James Paul Gee was one of the first early academic advocates for applying video game principles to teaching and learning environments. In a recent interview, he says “When I finally caught on to the theory of learning behind videogames, which is quite different from how we learned in school, it became to me a life enhancing experience.”
Gee claims there are numerous features of video games that make them excellent learning environments. First of all games let you fail and try again until you succeed. Secondly, they offer player choice and autonomy. Third, they provide ongoing feedback for success or failure – they continually assess performance until a task is successfully completed. Fourth, they can be collaborative, so that numerous players can participate in solving a challenge together. Regarding this last feature, Gee says, “The group is smarter than the smartest person.”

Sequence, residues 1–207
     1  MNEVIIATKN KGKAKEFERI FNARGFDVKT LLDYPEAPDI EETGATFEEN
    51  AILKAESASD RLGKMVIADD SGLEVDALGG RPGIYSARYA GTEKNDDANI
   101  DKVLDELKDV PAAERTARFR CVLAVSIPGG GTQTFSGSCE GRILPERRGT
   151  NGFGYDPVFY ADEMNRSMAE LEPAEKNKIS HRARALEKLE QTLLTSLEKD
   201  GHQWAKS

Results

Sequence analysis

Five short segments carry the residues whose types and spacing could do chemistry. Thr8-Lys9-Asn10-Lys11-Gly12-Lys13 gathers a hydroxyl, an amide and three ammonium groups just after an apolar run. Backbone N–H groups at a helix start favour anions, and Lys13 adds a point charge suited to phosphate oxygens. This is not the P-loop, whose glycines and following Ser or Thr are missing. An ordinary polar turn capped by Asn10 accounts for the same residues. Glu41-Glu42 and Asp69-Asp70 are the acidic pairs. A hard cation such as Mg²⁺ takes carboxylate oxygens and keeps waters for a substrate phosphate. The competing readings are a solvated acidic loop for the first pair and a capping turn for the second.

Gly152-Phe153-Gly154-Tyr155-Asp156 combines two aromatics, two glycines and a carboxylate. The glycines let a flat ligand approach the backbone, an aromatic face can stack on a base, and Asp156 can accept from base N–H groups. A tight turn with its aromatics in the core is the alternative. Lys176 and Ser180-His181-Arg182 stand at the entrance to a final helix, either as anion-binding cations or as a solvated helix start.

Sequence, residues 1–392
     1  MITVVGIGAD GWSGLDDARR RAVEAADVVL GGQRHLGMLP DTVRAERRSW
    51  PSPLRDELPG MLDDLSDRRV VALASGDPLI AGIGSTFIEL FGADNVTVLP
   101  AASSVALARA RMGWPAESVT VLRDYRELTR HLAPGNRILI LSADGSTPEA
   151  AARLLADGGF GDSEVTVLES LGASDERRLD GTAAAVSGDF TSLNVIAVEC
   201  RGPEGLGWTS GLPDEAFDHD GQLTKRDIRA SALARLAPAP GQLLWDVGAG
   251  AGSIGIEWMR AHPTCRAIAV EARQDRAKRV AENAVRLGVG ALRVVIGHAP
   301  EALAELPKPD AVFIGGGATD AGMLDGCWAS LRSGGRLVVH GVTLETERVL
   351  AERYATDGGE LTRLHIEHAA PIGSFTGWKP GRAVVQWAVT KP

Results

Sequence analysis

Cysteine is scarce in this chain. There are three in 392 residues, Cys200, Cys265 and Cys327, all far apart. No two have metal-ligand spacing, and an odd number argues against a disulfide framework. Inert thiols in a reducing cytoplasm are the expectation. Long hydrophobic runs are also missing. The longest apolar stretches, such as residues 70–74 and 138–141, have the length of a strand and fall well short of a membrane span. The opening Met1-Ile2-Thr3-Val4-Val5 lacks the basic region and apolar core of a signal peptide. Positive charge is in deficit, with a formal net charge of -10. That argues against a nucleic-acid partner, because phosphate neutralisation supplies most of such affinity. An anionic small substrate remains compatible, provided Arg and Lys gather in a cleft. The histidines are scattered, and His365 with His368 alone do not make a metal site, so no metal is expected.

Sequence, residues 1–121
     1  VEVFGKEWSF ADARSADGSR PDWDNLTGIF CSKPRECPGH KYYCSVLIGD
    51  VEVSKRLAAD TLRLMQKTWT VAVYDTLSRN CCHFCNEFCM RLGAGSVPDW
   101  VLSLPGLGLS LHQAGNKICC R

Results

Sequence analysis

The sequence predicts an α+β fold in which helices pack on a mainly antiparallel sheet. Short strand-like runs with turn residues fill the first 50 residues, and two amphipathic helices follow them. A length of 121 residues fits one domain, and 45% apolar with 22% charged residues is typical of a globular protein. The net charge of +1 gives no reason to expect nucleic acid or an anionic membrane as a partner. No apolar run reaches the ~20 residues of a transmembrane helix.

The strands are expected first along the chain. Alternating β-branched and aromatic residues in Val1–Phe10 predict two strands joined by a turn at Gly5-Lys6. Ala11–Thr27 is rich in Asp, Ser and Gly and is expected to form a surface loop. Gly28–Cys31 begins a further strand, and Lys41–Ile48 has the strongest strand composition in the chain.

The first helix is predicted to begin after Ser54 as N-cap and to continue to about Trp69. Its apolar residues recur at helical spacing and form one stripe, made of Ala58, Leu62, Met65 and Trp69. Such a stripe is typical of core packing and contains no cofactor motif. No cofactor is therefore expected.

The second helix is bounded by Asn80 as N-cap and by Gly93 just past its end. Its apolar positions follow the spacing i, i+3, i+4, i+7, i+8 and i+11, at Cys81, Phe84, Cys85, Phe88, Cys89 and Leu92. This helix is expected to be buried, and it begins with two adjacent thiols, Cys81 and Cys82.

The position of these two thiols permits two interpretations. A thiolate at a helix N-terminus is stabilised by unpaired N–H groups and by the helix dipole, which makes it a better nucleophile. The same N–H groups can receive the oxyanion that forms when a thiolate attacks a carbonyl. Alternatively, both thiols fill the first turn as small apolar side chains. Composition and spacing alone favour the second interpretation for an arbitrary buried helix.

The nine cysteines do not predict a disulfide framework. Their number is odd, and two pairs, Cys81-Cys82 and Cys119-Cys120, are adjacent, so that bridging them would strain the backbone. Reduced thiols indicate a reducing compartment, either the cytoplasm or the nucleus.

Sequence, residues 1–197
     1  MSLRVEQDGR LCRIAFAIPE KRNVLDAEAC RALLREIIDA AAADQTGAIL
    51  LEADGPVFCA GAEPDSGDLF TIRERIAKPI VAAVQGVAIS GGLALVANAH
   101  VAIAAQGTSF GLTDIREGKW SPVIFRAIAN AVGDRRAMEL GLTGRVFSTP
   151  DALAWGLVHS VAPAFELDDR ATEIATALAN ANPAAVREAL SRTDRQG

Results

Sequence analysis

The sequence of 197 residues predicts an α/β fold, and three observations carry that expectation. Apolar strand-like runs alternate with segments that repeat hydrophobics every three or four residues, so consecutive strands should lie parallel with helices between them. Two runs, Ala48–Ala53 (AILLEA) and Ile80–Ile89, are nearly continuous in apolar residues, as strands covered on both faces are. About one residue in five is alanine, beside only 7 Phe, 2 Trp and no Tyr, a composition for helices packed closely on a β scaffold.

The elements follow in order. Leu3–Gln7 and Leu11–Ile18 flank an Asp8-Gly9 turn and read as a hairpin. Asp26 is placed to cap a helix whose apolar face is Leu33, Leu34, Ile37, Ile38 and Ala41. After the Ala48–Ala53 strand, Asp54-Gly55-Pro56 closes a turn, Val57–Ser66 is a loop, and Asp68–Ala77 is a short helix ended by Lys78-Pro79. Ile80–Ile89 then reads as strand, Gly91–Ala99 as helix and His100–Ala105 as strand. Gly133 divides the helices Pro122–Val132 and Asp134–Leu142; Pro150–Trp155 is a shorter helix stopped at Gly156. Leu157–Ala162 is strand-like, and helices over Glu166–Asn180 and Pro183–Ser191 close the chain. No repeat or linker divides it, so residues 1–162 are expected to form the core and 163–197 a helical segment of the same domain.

Regarding the ability to offer choice and autonomy, over the past few years I’ve been conducting a survey of students at the beginning of quarter. I find out what they’re interests and backgrounds are, and I let them choose a first, second, and third option for a final project. This lets me align them at the very beginning with an area of strong personal interest, and eventually place them within groups of students sharing common passions. At the end of the quarter students deliver a team presentation based on an area of knowledge or personal expertise that they have explored. They are also responsible for posting an article on the class wiki site, that becomes part of a permanent class archive/library. Their work is preserved for future students in the form of a class “knowledge base”.